Friday, April 5, 2019

Booknotes: Raising the White Flag

New Arrival:
Raising the White Flag: How Surrender Defined the American Civil War by David Silkenat (UNC Press, 2019).

I've been looking forward to getting my hands on David Silkenat's Raising the White Flag: How Surrender Defined the American Civil War ever since I first saw the title pop up. For all the bombastic rhetoric produced regarding never giving up or raising the black flag, surrender was certainly one of the war's most common experiences. "(B)oth Union and Confederate forces surrendered en masse on scores of ... occasions. Indeed, roughly one out of every four soldiers surrendered at some point during the conflict. In no other American war did surrender happen so frequently." Not intended to be an exhaustive register of every major surrender that took place during the conflict, the book more interestingly looks to "explain how Civil War era Americans understood surrender and how their attitudes evolved over the course of the conflict." (pg. 4)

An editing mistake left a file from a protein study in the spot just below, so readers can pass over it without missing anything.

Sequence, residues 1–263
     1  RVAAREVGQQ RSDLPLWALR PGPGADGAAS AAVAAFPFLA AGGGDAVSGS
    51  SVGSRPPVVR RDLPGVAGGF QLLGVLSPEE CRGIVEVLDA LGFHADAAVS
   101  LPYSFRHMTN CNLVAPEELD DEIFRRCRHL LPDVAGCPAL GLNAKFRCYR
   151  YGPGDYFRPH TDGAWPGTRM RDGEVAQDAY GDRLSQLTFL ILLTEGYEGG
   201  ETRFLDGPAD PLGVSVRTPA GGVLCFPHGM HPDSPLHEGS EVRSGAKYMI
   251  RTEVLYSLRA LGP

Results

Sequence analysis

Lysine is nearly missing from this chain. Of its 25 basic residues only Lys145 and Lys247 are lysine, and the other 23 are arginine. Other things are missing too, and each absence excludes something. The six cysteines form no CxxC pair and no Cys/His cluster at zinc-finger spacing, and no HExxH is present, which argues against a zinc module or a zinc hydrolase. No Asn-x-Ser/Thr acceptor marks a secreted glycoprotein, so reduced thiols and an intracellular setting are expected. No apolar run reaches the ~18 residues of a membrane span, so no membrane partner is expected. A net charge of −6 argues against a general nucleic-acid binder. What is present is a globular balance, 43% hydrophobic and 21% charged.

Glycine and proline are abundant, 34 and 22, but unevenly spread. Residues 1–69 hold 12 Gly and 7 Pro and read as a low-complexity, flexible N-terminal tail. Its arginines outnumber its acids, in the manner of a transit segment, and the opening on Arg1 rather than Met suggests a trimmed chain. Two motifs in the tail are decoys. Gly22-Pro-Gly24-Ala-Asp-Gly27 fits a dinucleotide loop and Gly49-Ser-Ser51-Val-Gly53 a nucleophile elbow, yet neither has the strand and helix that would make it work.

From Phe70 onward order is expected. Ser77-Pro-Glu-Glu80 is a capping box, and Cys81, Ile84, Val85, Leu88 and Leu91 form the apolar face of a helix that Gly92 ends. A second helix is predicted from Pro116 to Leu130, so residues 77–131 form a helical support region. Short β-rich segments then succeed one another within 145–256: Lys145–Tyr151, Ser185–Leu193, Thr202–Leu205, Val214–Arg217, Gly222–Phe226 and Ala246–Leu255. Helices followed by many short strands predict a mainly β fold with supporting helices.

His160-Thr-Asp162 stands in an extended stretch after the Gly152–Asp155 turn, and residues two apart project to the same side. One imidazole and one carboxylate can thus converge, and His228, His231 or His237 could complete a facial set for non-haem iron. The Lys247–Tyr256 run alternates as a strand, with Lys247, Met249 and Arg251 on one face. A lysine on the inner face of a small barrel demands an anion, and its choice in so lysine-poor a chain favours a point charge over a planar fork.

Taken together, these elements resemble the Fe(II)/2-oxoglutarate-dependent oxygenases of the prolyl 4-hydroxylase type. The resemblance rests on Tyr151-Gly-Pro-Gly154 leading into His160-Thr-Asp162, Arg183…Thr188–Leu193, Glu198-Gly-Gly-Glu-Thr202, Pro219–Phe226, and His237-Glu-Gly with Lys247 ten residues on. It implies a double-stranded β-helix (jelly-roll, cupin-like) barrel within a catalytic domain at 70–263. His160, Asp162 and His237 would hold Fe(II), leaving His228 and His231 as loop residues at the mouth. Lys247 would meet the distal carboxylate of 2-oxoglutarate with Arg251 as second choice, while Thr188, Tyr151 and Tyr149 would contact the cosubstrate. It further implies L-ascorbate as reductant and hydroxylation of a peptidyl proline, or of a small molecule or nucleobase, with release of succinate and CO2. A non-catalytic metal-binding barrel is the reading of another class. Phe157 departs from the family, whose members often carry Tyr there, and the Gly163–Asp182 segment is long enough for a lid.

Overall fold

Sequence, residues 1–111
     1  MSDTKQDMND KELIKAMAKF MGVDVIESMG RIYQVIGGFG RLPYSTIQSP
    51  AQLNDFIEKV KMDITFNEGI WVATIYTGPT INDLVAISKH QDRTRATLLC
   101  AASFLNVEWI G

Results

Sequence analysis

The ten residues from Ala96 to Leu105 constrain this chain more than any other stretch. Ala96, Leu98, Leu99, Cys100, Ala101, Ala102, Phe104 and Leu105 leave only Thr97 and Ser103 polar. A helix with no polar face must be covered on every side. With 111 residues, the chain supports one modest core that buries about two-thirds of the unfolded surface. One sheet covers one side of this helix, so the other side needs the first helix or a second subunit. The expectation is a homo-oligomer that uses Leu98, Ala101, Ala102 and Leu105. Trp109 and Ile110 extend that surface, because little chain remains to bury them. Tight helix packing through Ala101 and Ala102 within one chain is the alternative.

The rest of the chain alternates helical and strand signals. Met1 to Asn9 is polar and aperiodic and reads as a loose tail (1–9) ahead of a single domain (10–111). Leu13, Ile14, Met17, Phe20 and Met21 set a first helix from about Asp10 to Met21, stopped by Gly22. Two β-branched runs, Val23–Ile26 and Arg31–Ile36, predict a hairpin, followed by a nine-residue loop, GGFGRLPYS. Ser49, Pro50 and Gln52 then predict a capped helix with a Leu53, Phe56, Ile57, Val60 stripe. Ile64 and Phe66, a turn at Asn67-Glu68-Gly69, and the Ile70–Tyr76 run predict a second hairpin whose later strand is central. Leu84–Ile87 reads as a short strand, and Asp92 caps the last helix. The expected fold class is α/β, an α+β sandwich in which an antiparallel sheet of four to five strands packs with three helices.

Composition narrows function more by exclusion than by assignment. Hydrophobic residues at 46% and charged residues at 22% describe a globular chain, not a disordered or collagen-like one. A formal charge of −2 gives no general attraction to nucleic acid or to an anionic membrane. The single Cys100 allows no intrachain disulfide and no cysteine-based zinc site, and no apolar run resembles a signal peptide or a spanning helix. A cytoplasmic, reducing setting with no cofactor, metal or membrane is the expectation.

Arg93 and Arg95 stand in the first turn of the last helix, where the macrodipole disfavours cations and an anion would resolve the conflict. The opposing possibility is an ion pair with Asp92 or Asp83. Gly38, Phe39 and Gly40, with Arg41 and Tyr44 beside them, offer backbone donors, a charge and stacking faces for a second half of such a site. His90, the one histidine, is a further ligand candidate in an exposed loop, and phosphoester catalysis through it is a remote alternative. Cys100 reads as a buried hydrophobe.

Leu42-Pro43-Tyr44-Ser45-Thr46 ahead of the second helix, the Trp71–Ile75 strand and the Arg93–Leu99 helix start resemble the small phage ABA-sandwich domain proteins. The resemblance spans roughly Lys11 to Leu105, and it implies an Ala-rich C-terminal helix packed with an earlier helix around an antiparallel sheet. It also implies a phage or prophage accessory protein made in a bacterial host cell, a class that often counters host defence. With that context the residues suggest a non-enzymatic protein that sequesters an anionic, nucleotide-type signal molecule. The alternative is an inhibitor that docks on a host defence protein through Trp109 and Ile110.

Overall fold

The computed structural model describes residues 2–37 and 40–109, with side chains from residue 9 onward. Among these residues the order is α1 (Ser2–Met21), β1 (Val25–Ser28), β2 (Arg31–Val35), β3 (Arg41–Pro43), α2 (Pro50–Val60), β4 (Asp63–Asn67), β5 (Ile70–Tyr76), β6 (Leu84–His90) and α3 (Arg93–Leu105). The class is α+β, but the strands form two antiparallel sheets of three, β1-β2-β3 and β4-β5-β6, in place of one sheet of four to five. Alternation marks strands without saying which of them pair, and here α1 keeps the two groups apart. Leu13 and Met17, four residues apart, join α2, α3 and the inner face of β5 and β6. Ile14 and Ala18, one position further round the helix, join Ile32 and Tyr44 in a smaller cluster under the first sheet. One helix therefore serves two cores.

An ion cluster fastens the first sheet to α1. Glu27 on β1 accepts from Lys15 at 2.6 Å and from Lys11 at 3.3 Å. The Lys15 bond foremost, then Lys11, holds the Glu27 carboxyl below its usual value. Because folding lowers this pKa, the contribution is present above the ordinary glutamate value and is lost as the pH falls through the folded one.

Silkenat's Raising the White Flag "provides the first comprehensive study of Civil War surrender, focusing on the conflicting social, political, and cultural meanings of the action. Looking at the conflict from the perspective of men who surrendered, Silkenat creates new avenues to understand prisoners of war, fighting by Confederate guerillas, the role of southern Unionists, and the experiences of African American soldiers. The experience of surrender also sheds valuable light on the culture of honor, the experience of combat, and the laws of war."

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